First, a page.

Things I’ve learned from Volunteering at an Animal Control Shelter:

Things I’ve learned from volunteering at an Animal Control Shelter:

  • Those dual food and water bowls are a bitch to use. For example: if you want to give an animal fresh water, you can’t just dump the water out because the food will spill as well. Thus, separate bowls are the smart and easy way to go. Plus, it’s less time consuming and can potentially cut down on food waste (and food is money).
  • Never underestimate the necessity of an extra poop scoop.  You can’t use the same one for every cat box either. If some cats are sick, you don’t want to cross-contaminate. If you see a cheap poop scoop at the dollar store BUY IT. Stock up. Because they start to break after you wash them.
  • Big cats are easier to give baths to than little kittens. Unless, of course, the big cat is feral or one of those crazy water-hating cats. But I’m SERIOUS. Those kittens have little exact-o knives on the ends of their feet. With a big cat, you have more to hold on to. Or, maybe all the bigger cats I work with are just supper mellow.
  • Wear jeans – never shorts – because those kittens need attention and they’re willing to come UP to you if you don’t come down to them. Plus, when you’re cleaning, expect to have a kitten on your shoulder or in your hair. Or both. AND LOVE EVERY MINUTE OF IT BECAUSE SOON YOU HAVE TO GO TO THE BACK WITH THE SICK CATS AND BE SAD AGAIN.
  • You can never have enough Dawn soap – to wash animals and dishes with. Without soap, you run out of reusable supplies quickly. ALWAYS HAVE SOAP. And, always wash EVERYTHING. Don’t spread sickness around.
  • Ringworm isn’t caused by a worm. It’s caused by a fungus no worse than athlete’s foot. Yet when animals have it, animal control sometimes puts them down because it takes about a month to get rid of and some medicine – and they just don’t want to mess with it. If an animal has ringworm, don’t freak out. Just wash your hands well before you handle yourself or another creature. No need to treat the infected animal like a leper – your kind face may be the last s/he sees.
  • No matter how much you sweep and mop, you will still have a dirty floor. And it will likely be covered in poop and pet hair. But believe me, that’s the least of your worries. HOWEVER, be sure to sanitize your shoes when you get home. Don’t let your own pets smell or rub on them, lest they catch what the animals have there.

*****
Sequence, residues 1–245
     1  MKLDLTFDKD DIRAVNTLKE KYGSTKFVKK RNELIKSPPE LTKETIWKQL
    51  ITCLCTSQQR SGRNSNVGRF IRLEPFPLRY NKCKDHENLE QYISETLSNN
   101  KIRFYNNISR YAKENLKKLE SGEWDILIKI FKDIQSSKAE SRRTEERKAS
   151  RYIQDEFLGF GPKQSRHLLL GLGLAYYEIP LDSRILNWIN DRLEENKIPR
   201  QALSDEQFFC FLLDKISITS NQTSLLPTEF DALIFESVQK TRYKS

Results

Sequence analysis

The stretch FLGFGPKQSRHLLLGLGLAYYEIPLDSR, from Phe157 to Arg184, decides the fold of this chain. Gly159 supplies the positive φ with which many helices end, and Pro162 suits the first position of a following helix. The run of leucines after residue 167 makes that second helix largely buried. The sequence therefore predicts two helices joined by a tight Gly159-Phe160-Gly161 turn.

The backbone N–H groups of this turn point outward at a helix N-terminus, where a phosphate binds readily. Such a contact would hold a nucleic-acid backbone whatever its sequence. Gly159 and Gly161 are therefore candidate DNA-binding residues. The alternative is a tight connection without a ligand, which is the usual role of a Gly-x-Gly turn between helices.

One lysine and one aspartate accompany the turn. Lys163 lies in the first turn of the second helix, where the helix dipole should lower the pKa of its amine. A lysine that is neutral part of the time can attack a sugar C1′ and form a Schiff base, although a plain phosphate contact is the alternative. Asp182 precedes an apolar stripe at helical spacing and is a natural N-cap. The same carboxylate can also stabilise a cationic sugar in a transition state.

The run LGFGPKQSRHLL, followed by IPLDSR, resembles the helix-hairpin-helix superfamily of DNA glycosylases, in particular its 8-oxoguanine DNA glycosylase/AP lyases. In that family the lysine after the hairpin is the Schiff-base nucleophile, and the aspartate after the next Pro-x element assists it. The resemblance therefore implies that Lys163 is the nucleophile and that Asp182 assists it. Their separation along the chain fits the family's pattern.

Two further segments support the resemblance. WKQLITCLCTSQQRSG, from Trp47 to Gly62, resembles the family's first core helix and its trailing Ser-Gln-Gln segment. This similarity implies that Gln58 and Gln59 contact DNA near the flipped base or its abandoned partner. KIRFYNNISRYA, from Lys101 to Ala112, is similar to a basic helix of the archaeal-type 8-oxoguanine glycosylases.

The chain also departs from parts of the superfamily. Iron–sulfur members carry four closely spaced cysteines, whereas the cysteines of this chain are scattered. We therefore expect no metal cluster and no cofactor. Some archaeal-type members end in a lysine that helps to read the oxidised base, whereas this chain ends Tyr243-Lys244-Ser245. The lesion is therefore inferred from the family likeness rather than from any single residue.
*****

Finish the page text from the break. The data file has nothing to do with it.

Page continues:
• Feral cats shouldn’t be there. Animal Control should turn people away who bring them in if they don’t have a proper feral cat TNR program. Put them back where they found them. Even better, animal control should tell people how THEY can Trap-Neuter/Spay-Release it. Check out for why feral cats are part of the environment and should be treated no differently than any other wild animal. It makes me BOIL WITH RAGE to know that perfectly good cats are put down simply because they aren’t ‘adoptable.’
  • You start to hate people who bring in animals instead of finding a home for them on their own. The animal control I’ve been volunteering at is more than willing to take information about found or lost dogs and cats and help that way, but there is no need to dump the animal on them. Why can’t we help each other out instead of risking that animal’s life by being put down? If you weren’t going to REALLY help the animal, then why did you pick it up in the first place? You’re no good Samaritan by picking it up and delivering it to death’s door. It’d be better if you walk on by. There’s already enough animals here at the shelter that need attention.
  • One person on staff at ANY animal control is not only cruel to the animals but cruel to the human. One person should not be responsible for so many animals and should not have to rely on volunteers to do the most basic things for the animals (like give them food and water). It is not only animal abuse (for neglect) but it puts too much pressure on the employee. When that employee is relying on others they feel unable to do their job. Which is the truth because no human alive could handle so many animals. But, if that employee complains, animals get put down. And then s/he feels bad once again.  Your city’s animal control should be a no-kill animal shelter or not exist at all.
  • Animal control is a sad place to be but you always want to go back. Because you can’t abandon those you’ve invested in. Humans have caused this pet overpopulation problem and we need to fix it – fix it by stopping all breeders. Stop puppy mills. Adopt don’t shop. Spread the word. As long as an animal needs a home THEY NEED HELP.

I know that some of these annotated points might be controversial, and I’m fine if you want to point out how I’m probably not properly supporting an ideal situation (like with the feral cats). But, I’ve learned that life is hard and you have to be reasonable.  There is no EASY final solution to this problem. That’s what makes it so heartbreaking.

I just wanted to keep the discussion going because, as the ASPCA’s logo says, “We are their voice.” And how true it is.


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